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Workers are harnessed high above the ground during construction of the MUSC Shawn Jenkins Children's Hospital — with the Arthur Ravenel Jr. Bridge in the background — on Monday, Aug. 6, 2018. The $388.7 million children's hospital is the largest and most expensive of a handful expansion projects MUSC has taken on that are scheduled to open in the next few years. File/Wade Spees/Staff

No one is used to the Medical University of South Carolina growing so quickly. 

But there's no denying the pace of their expansion now. The hospital system has about $1 billion in projects slated to be completed over the next few years.

MUSC Health CEO Dr. Pat Cawley said it's likely the most explosive growth the organization has ever experienced. Still, Cawley isn't sweating the substantial cost of this growth and development.

In fact, MUSC could borrow even more if it wanted to, Cawley said.

As the state-affiliated nonprofit hospital system, MUSC's financial health is more of a public concern than other hospital chains in the region. But MUSC's leaders argue the hospital's growth is necessary in order for it to compete in a rapidly changing health care industry.

Cawley and MUSC Health Chief Financial Officer Lisa Goodlett explained the hospital system has borrowed about 50 percent of their debt capacity. MUSC's debt today stands at about $400 million, Goodlett said.

They said MUSC's purchases are heavily regulated both at the state and federal level. The highest regulators would allow them to go would be 90 percent of their debt capacity.

Here are the projects it has taken on:

  • The purchase of four community hospitals, one each in Lancaster, Chester, Marion and Florence counties, for $137 million. The purchase will be finalized in the spring.
  • A new children’s hospital constructed in downtown Charleston for $388.7 million, scheduled to open in October.
  • A children’s health medical pavilion in North Charleston, named for Mayor Keith Summey, for $57.7 million. The pavilion is slated to open in the first part of 2019.
  • A campus at Citadel Mall in a former J.C. Penney, focused on musculoskeletal care, ophthalmology and ambulatory surgery, for $16.4 million. It is scheduled to open late this year.
  • A "consolidated service center," or a supply chain warehouse, for $28 million. It is expected to be operational by the end of 2019.
  • A brand new hospital in Berkeley County for $325 million, planned to open in 2022.
  • The expansion of the pharmacy school for an estimated $53 million. A timeline for the expansion wasn't available as of Friday.

These figures don't account for a grand plan to replace the main hospital complex on Ashley Avenue. Hospital leaders told The Post and Courier they foresee building new construction somewhere west of Courtenay Drive, and expect it to be even bigger than the new children's hospital and Ashley River Tower.

Another clue into its rapid growth: Once these projects and acquisitions are complete, MUSC's number of patient beds will more than double, from the roughly 700 it has in downtown Charleston today to 1,900 across the state.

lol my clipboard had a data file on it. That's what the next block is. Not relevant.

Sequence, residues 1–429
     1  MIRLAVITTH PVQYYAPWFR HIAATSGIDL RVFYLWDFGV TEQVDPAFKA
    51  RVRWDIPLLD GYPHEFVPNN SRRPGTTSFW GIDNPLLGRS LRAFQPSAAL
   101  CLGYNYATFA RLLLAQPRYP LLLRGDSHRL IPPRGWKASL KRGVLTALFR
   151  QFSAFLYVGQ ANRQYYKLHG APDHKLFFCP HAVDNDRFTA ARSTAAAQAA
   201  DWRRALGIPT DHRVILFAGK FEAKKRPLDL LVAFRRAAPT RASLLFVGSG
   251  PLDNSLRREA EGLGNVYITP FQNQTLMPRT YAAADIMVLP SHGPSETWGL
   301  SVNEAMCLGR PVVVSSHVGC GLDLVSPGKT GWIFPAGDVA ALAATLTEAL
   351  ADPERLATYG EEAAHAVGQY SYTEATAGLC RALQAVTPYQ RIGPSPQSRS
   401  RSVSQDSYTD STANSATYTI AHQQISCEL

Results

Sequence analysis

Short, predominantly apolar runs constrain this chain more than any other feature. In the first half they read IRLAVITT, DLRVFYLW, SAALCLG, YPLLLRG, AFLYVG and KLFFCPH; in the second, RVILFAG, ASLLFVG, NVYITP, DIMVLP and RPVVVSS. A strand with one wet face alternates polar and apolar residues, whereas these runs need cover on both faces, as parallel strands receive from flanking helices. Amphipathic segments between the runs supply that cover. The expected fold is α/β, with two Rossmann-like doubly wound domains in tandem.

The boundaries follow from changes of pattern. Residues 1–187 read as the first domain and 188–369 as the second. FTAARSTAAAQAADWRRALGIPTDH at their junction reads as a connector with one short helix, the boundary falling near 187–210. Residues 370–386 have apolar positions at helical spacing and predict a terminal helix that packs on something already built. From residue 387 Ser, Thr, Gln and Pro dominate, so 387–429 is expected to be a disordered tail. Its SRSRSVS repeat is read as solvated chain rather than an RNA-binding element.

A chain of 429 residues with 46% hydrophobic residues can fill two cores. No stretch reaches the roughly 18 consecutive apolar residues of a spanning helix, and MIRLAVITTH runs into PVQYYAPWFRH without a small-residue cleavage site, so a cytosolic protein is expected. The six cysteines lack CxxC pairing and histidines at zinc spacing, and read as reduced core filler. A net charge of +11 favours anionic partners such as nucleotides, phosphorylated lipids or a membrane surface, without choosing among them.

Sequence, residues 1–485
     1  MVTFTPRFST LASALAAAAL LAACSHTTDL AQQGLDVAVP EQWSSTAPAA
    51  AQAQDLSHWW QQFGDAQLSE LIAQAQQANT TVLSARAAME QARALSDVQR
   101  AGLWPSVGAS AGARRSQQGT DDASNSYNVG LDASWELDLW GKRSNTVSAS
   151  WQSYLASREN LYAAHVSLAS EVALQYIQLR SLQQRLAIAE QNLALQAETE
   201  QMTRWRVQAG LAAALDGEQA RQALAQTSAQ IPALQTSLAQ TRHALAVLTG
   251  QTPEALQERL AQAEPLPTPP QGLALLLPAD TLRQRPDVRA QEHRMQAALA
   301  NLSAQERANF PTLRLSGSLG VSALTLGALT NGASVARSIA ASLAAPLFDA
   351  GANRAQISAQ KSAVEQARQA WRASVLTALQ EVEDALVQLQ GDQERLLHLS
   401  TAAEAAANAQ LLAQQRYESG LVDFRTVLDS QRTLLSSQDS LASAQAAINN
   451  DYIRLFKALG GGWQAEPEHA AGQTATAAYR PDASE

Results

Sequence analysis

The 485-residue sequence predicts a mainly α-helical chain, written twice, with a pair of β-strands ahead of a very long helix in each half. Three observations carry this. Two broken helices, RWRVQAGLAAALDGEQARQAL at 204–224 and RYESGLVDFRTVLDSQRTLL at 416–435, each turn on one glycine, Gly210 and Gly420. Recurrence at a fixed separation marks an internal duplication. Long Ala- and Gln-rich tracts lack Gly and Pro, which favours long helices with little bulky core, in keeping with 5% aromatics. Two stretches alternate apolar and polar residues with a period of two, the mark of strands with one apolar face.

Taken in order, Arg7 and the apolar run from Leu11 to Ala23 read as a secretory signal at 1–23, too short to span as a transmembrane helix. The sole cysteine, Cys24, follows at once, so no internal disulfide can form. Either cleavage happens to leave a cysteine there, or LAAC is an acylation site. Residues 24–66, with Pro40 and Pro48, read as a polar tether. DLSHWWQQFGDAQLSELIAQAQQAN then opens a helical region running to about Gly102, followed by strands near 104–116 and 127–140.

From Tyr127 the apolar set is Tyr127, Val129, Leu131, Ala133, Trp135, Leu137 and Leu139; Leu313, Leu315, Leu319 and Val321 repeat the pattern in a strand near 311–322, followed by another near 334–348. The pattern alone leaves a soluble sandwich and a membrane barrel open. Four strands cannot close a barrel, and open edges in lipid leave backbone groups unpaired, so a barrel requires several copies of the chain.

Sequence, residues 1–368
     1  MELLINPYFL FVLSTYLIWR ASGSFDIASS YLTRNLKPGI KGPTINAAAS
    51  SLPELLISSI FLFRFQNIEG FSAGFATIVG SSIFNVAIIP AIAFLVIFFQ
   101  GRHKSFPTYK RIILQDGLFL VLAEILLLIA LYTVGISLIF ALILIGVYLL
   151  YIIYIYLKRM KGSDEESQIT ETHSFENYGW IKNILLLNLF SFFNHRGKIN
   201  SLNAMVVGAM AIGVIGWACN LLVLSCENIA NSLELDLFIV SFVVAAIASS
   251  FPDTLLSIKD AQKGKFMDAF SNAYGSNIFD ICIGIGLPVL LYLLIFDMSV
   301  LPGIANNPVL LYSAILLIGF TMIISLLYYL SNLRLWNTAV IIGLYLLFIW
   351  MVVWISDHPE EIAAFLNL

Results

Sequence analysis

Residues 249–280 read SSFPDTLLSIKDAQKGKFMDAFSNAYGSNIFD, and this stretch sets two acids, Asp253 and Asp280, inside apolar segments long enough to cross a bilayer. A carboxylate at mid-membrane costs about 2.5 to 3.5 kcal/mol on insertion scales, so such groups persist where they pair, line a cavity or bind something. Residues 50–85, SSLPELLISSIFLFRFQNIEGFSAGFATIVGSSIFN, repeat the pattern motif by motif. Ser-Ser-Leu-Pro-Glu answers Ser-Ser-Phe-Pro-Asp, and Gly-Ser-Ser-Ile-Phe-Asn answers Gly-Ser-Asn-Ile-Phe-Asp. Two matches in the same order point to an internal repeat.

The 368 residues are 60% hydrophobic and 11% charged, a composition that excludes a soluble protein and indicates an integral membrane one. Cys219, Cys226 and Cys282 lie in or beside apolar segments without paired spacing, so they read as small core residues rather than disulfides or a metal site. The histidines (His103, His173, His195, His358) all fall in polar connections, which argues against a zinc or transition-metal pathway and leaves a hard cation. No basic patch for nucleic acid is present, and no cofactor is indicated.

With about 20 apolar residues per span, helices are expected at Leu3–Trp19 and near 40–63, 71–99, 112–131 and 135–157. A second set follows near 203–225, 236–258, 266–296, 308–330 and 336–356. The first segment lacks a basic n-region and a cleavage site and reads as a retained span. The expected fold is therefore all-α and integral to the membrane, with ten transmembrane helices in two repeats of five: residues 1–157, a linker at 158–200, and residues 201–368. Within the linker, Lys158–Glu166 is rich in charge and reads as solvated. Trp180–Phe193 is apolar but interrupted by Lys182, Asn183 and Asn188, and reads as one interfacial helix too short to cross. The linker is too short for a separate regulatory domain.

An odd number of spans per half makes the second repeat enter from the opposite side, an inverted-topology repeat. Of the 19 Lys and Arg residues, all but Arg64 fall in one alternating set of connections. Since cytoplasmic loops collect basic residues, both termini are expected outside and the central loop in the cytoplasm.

After MUSC opens new children's hospital in October, leaders plan to replace main hospital

Because of what it is, MUSC receives some money other health care systems like it can't count on.

MUSC's hospital authority, for instance, received $42 million from the state government in the 2018 fiscal year, though the funds were earmarked for different projects, like the telemedicine program and a burn unit.

It also received $139.1 million in donations for the new children's hospital, MUSC's largest project in recent memory.

Generally speaking, MUSC has been financing their expansion through loans, in part through the U.S. Department of Housing and Urban Development. 

Thad Calabrese, a researcher at New York University who studies nonprofit finance, said hospitals often use this tactic to fund their expansions.

He was not surprised to hear about MUSC's growth as such changes have become common as more profitable hospital chains have gobbled up others. 

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"The health care industry has been over the last few years in a merger and acquisition frenzy," Calabrese said.

Calabrese said it is less common to see health care systems with public ties growing so quickly, however.

The way MUSC is financing is par for the course, though, he said. MUSC and other nonprofit hospitals must issue debt to spend on growth, Calabrese said, while private corporations would have different doors open to them.

Dennis Gephardt, a senior credit officer at Moody's Investors Service, said Moody's has kept its confidence in MUSC's finances. They mark its revenue bonds as A1, their fifth highest rating.

Generally speaking, Gephardt said it can be risky to buy a community hospital. MUSC is buying four hospitals in South Carolina for as much as $137 million, the system announced late last year. Many other major medical centers opt to form an affiliation, which allows them to keep patients flowing from the community hospital to the center, with less financial risk. 

But the acquisitions would be more concerning if MUSC had bought the hospitals at a higher price. The four county hospitals are costing them on average $35 million apiece — cheap in the world of hospitals.

"The purchase price realistically acknowledges the fundamental challenges," Gephardt said.

When MUSC approached 11 banks to ask for permanent financing of the purchase, four responded with proposals. Regulators have not voiced concerns about the level of debt, Cawley said.

"They’ve all said the same thing," he said. "MUSC is fine."

Reach Mary Katherine Wildeman at 843-937-5594. Follow her on Twitter @mkwildeman.